The Malta Independent 4 August 2020, Tuesday

Future of Europe

Alfred Sant MEP Monday, 10 February 2020, 08:00 Last update: about 7 months ago

Replies are still pending to questions about how best to run the conference due to be held about Europe’s future. Up to some time ago, it still had been considered as a major event. I am not surprised that this is so.

As of now, I still am hardly sure as to how useful such a conference could be, except by way of providing an opportunity for a wide range of people and organizations to air their views about Europe. Many will say that this too, by itself, is quite a worthwhile arrangement. It surely should have positive consequences. And perhaps they are right to believe so.


For it is now clear that Europe is not managing soon enough to reach decisions that are acceptable to all. You could blame this on the fact that there are 27 member states needing to agree on every topic that comes up. Or you could argue that given the variety of societies that are included in the EU’s purview, divergences have been growing not decreasing... and that such a tendency is likely to accelerate rather than slow down.

Will a conference about Europe’s future make it possible to overcome these challenges? I doubt it.



The apparent institutional meltdown of the PN is not such a good development.

No matter how much we rail against partisanship, in a parliamentary democracy it is crucial to ensure the presence of an effective opposition – at least to keep the government of the day accountable for how it is carrying out its duties.

The problem is that a party which demonstrably has fissures, even if they are few, loses momentum. In this case, the splits are quite deep, and not just from the perspective of policy programmes, but also on a personal basis. Too many of the protagonists seem to dislike... or to distrust... each other. There could hardly be a more subversive factor at play.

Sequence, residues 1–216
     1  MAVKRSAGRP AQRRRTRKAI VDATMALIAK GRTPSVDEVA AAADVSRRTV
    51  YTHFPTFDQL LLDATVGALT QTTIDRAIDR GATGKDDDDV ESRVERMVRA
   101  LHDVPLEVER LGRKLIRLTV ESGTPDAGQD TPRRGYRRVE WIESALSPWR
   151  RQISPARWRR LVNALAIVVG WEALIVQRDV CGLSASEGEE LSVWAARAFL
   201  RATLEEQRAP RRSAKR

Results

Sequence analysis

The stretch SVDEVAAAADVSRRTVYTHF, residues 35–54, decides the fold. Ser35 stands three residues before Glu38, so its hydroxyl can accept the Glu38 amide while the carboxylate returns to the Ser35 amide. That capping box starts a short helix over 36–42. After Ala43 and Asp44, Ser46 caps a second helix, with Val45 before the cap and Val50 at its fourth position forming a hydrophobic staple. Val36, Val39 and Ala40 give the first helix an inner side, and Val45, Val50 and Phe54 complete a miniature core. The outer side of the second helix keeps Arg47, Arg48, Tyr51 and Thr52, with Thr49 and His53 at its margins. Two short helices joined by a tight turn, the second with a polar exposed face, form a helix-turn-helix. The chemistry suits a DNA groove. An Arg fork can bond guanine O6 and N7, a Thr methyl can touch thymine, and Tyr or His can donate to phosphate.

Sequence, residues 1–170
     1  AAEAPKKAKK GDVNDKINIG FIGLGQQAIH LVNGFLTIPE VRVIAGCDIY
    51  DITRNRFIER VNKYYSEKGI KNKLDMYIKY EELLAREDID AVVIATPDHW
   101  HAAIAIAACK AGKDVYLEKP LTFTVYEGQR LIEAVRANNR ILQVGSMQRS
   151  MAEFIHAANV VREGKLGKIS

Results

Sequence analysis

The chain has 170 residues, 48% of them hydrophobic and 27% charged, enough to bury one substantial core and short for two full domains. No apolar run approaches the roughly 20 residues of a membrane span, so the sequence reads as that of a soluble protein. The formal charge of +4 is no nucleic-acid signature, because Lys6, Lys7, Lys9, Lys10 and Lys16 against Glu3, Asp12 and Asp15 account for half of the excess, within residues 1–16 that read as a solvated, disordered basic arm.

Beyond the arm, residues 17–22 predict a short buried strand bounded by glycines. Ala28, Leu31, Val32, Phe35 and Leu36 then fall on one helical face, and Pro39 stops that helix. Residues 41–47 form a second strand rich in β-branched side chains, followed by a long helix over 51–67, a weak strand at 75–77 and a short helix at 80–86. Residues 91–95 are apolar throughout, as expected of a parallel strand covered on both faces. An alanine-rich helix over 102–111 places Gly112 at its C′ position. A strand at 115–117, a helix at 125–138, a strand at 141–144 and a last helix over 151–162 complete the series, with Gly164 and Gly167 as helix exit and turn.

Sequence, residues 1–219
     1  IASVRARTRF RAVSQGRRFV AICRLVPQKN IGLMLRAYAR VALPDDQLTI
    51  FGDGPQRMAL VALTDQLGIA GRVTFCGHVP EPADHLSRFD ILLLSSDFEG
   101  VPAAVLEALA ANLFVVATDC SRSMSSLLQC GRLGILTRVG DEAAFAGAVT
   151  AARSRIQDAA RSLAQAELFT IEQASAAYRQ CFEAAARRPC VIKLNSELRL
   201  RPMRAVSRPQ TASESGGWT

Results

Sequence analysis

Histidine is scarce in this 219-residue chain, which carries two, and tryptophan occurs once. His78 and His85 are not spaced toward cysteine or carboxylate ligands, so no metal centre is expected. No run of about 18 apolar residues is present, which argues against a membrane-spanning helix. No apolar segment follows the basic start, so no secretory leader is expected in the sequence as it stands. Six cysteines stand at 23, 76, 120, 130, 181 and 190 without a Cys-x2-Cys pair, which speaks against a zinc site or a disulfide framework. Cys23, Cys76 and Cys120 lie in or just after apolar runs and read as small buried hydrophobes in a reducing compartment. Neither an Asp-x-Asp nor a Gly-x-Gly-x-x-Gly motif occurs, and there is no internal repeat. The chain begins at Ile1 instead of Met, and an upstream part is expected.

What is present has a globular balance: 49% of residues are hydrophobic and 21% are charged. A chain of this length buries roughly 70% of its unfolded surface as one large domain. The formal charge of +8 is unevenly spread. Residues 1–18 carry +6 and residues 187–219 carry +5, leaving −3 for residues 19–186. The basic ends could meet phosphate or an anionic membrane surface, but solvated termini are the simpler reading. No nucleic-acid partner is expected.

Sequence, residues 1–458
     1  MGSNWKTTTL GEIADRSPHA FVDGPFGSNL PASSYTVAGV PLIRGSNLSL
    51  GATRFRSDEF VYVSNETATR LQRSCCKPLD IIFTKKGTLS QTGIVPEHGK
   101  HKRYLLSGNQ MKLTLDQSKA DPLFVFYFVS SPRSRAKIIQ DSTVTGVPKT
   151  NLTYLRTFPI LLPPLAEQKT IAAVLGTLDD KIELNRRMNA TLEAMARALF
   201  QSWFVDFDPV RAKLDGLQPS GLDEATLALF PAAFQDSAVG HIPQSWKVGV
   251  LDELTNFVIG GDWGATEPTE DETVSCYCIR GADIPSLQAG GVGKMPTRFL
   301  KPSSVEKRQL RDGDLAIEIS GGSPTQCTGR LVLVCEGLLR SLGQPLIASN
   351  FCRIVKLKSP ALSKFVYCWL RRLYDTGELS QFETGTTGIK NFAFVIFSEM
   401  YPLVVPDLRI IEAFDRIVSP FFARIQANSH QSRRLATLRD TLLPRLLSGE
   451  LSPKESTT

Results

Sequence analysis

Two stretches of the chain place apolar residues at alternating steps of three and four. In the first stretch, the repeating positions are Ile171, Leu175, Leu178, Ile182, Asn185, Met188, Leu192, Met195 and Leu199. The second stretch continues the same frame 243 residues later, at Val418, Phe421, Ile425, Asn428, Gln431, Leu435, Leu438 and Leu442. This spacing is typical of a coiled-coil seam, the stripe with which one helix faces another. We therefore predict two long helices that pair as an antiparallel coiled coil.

Usually in a party which catches the disease of internal dissent, there is the fear of an electoral debacle which promotes a certain closing of the ranks, fragile though that might be  -- as recently happened in the British Labour Party. A similar process though does not seem to be happening within the PN.



Much of the political activity that in the past used to be undertaken as voluntary work, has faded and has been replaced by an ever growing dependence on the media to get political messages across.  This covers both the “traditional” media – newspapers, radio and TV, as well as the social media. If initiatives in these sectors are to get the desired penetration, they need funds.

True, before this happened, money would also have been needed, but today the requirement is for much much more.

Meanwhile, there has been a persisting insistence for political actors to find their own solutions when financing their intiatives. Unless they have substantial private sources to pay for their activities, they either have to organize fundraising events, or rely on whoever is prepared to give them a financial leg-up.

Lately, concern has again been expressed about this isue. Everybody seems to wish that politicians carry out their work by being poor and by working among the poor. The sad truth is that in today’s political contests, no Saint Francis would ever stand a chance of being successful.


  • don't miss